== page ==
A landmark court case filed by Richard Muasya, an intersex person, was decided last December by Kenyan High Court judges Hannah Okwengu, Ruth Sitati and George Dulu. Richard Muasya was awarded Sh500,000 for the inhuman and degrading treatment he experienced at Kamiti Maximum Prison but his request to have a third gender introduced into Kenya’s books of statutes was rejected. This case is being appealed by Muasya’s lawyer John Chigiti who now represents eight intersex persons.
In Kenya, lawyer John Chigiti is committed to winning legal recognition for intersex people and protecting their rights.
Chigiti’s first case was that of Richard Muasya, who was being held in a male prison where he had been sexually harassed by inmates and staff.
Muasya was awarded 500,000 Kenyan shillings ($6,000) for inhuman and degrading treatment. But the judges refused to provide alternative facilities for him.
Even worse, they refused to acknowledge the challenges faced by intersexuals due to their inability to get birth certificates, which require recognition of male or female gender.
The court argued that acknowledging a third sex would open the floodgates to homosexuality, which is illegal in Kenya.
“We are not persuaded that there is (a) definite number of intersex persons in Kenya as to form a class or body of persons in respect of whose interest the petitioner can bring a representative suit… his case must be treated as an isolated case,” the judges said.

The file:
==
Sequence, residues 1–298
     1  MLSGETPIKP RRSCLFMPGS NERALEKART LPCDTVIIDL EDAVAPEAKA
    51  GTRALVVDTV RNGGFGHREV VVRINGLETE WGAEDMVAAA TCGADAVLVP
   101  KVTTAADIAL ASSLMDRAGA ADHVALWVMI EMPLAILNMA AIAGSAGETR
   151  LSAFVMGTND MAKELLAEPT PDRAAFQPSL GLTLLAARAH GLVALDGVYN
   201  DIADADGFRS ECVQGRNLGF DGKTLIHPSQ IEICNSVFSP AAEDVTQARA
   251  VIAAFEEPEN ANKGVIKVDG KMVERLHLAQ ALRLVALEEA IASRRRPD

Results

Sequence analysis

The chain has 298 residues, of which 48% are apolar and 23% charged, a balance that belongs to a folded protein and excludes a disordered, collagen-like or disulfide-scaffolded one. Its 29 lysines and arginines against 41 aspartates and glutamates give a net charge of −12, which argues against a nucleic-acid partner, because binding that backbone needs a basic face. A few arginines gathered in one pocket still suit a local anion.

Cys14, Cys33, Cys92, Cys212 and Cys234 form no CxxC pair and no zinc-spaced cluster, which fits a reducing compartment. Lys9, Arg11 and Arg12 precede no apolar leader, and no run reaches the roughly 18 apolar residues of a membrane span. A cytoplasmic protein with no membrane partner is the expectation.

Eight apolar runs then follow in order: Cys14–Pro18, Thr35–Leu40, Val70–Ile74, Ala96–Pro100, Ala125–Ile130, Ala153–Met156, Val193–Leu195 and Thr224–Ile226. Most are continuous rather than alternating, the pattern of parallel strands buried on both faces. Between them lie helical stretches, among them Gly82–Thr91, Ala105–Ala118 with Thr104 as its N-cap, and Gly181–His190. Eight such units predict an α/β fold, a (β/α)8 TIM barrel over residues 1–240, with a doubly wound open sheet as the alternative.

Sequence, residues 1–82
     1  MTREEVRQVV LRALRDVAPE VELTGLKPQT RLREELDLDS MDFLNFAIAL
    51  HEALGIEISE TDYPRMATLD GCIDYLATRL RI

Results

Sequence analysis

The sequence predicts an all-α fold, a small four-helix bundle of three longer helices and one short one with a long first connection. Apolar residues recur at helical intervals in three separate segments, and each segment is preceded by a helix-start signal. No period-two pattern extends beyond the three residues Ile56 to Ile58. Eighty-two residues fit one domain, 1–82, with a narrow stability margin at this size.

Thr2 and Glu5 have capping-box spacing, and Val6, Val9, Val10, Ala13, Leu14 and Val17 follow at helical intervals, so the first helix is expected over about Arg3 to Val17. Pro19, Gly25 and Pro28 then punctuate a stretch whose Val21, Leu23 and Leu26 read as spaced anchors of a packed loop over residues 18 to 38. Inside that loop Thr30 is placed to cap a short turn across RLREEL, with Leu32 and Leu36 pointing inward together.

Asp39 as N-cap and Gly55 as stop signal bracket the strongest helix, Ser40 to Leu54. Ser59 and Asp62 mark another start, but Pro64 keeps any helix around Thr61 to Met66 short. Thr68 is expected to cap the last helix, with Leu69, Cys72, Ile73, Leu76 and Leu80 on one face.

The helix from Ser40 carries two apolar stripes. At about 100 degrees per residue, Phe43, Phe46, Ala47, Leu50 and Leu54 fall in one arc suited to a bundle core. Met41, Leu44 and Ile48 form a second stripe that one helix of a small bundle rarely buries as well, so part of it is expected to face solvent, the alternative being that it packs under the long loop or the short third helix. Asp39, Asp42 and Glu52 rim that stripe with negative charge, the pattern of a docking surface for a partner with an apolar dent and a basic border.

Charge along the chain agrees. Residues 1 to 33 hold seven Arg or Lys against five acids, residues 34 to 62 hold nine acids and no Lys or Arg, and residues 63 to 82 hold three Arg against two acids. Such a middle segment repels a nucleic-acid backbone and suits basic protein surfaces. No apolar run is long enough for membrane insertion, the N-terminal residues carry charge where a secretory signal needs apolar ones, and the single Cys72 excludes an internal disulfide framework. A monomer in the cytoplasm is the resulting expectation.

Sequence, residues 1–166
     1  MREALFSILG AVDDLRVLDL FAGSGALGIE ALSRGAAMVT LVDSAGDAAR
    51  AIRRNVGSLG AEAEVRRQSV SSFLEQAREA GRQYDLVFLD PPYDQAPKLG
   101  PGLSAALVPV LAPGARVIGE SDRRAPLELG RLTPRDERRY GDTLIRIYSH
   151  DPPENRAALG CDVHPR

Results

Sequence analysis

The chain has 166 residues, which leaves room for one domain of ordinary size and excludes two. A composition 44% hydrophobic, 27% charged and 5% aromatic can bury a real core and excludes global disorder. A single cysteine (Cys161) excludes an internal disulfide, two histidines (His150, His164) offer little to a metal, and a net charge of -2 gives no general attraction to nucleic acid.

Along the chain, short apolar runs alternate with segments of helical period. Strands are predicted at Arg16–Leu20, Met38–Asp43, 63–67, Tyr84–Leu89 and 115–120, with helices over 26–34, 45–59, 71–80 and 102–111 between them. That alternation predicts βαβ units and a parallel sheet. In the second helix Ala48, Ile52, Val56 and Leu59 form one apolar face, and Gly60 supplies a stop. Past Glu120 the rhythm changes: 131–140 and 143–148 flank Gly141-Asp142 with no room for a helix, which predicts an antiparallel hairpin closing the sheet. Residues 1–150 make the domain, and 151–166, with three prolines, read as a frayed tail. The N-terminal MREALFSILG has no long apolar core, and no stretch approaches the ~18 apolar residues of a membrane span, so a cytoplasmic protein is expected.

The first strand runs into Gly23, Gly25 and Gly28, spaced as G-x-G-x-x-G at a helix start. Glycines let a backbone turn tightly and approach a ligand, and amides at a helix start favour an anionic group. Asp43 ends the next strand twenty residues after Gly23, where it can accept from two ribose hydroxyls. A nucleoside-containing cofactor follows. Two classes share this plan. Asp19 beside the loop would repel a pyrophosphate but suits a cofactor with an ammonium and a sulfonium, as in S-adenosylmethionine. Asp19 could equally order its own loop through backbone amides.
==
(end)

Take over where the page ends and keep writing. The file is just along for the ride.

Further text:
Muasya’s case is on appeal, and Chigiti is determined to fight on. He is now representing eight intersex people.
John Chigiti is also representing a three-year-old child who’s parents want to perform surgery to assign the child to a recognised gender.
Traditionally, doctors have been quick to perform hush-hush “corrective” surgery.
“Some parents are even willing to sell their body organs to meet the corrective surgery costs for their intersexual children,” said Chigiti.
But this has proven extremely damaging. Many intersex adults say their lives have been scarred by the operations they underwent as babies.
They often feel confused about their gender identity, even if they don’t know they were born intersex. Some attempt suicide.
Full text of article available at link below –